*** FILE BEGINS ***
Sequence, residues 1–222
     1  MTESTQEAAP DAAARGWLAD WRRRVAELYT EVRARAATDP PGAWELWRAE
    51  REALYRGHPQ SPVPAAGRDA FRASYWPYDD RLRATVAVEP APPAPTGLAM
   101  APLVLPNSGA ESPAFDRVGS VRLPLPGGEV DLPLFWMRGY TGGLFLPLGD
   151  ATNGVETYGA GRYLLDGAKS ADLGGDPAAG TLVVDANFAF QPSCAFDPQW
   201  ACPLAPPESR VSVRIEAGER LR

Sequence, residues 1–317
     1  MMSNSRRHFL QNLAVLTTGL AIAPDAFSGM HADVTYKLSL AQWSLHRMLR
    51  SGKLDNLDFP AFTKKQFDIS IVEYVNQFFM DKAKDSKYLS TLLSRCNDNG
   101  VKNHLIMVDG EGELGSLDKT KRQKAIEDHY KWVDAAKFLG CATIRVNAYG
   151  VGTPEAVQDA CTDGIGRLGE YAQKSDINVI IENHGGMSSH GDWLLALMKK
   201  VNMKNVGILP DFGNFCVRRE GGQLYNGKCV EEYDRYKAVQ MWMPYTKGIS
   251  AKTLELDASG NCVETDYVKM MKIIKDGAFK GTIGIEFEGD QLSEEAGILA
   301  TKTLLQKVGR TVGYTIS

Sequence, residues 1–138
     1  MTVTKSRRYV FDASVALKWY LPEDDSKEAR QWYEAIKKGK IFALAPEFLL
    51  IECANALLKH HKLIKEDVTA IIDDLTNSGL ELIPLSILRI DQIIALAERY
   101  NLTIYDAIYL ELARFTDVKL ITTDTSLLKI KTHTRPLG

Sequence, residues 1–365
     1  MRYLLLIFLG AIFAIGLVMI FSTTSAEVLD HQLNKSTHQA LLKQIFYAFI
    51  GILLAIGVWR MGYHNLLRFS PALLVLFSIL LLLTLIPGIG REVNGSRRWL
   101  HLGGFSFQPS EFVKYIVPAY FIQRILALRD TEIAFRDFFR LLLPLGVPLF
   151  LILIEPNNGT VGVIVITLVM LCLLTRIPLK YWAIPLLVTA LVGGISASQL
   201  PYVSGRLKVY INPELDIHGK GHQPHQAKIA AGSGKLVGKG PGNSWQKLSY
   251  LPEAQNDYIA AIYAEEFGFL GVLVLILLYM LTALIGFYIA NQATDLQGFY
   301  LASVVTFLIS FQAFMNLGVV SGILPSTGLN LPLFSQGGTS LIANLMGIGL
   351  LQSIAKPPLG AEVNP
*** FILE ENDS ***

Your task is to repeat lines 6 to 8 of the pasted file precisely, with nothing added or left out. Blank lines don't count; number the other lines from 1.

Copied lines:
   201  ACPLAPPESR VSVRIEAGER LR

Sequence, residues 1–317
     1  MMSNSRRHFL QNLAVLTTGL AIAPDAFSGM HADVTYKLSL AQWSLHRMLR